ADHD is a "brain difference." Kids with ADHD have some significant differences in their cognitive ability, emotional sensitivity and activity level when compared to other children. What this means is that their “skill set” is different from 95% of the children in their class. Their working memory is often not as well-developed as it might be in other kids their age. It can be hard for them to control their ability to concentrate, plan and process information. The good news? Neuroscience has recently discovered that brain exercises can dramatically improve these functions. When these exercises are successful, they essentially build or strengthen "circuits" within your child’s brain. Read More

Stop Aggressive Behavior in Kids and Tweens: Is Your Child Screaming, Pushing and Hitting?

When a child is aggressive toward others – hitting, screaming, pushing, throwing things – the natural response of the people around him is to withdraw. It’s frightening to see someone whose anger has reached a point where it seems out of control. If your elementary or middle school-age child is behaving aggressively toward others, it’s important to address the issue now, before it escalates to serious consequences such as suspension, legal problems or serious harm to others. Read More

"I Hate School!" What Can I Do When My Child Refuses to Go to School?

If you’re like most parents, you probably take the responsibility of getting your kids to school very seriously and get angry and frustrated when they refuse to go. This can easily turn into a power struggle if you feel this is a “battle” you have to “win.” It’s all too easy to react to your own anxiety and emotions about the situation rather than acting in a well-planned, effective way that will get you (and your child) where they want to be. Read More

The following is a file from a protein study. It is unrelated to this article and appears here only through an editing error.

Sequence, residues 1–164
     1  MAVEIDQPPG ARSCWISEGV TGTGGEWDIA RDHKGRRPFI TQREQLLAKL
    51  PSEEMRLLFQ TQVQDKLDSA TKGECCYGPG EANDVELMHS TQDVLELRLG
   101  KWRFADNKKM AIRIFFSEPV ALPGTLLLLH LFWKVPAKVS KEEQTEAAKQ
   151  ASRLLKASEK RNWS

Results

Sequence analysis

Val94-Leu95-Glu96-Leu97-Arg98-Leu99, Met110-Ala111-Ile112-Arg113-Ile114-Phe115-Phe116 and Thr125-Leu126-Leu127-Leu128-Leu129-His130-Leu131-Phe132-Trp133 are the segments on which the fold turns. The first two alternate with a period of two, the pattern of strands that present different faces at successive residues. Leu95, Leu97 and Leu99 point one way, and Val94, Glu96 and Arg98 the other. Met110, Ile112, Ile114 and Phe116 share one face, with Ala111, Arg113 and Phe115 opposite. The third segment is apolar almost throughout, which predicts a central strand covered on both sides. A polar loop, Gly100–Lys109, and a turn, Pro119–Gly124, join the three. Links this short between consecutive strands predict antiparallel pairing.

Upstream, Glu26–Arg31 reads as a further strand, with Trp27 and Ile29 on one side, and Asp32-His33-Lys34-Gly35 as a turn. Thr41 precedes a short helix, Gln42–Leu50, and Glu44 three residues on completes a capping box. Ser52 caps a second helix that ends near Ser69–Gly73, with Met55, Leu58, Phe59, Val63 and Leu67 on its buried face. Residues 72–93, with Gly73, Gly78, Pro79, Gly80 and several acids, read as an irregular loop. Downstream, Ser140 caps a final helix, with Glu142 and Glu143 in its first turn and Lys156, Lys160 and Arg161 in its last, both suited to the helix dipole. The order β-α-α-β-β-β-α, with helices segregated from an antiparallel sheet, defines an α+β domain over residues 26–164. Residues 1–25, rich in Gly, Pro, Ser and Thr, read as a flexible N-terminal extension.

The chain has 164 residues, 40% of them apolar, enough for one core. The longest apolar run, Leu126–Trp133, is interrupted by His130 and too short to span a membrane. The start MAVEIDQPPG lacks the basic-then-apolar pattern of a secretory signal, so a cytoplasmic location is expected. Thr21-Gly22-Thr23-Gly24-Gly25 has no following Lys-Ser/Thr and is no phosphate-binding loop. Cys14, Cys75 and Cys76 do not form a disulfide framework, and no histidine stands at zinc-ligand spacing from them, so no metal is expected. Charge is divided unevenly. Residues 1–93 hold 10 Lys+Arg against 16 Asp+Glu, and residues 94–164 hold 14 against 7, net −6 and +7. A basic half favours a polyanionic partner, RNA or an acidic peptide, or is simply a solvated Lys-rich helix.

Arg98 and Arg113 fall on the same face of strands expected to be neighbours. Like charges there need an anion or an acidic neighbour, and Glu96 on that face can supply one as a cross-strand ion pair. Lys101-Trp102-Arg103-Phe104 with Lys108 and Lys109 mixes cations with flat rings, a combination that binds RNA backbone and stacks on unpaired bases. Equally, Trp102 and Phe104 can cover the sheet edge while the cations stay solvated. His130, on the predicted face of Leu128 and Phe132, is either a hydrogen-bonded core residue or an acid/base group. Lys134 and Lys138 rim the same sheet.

How to Prepare Your Child with Special Needs for the Back to School Transition

My son was the “bad kid” in class, which stacked up negatives against him. The teachers watched for his behaviors and quickly got on his case, even if everyone else was engaged in the same activity. As a result, he had to spend a lot of his limited energy for school on reducing the teachers’ stress about having him in their class.

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When Your Child Has Problems at School: 6 Tips for Parents

Have you gotten "the call" from your child's school? Janet Lehman, MSW talks frankly about how she and her husband James dealt with it when their son had trouble at school. Read More

Starving to Death: Does My Child Have an Eating Disorder?

Michelle’s parents did not address her anorexia until she weighed less than 85 pounds. At 5’10”, she was a skeleton compared to the healthy teen she had once been. “My mom and dad said nothing to me about my weight loss, until one morning at breakfast when my father slammed a stack of pancakes down in front of me and demanded I eat them,” she said. “I refused.” Michelle’s eating disorder began when her older sister died in a car accident. “At first I didn’t want to eat, I was grieving so much. But the subject of my sister’s death was taboo at my house—my parents wouldn’t even allow me to mention it. I continued to refuse food because of the pain I was in, and their unwillingness to see it.” Fortunately, after that breakfast table incident, her mother sought treatment for Michelle with a counselor who specialized in eating disorders. “I’m sure it saved my life,” said Michelle. Read More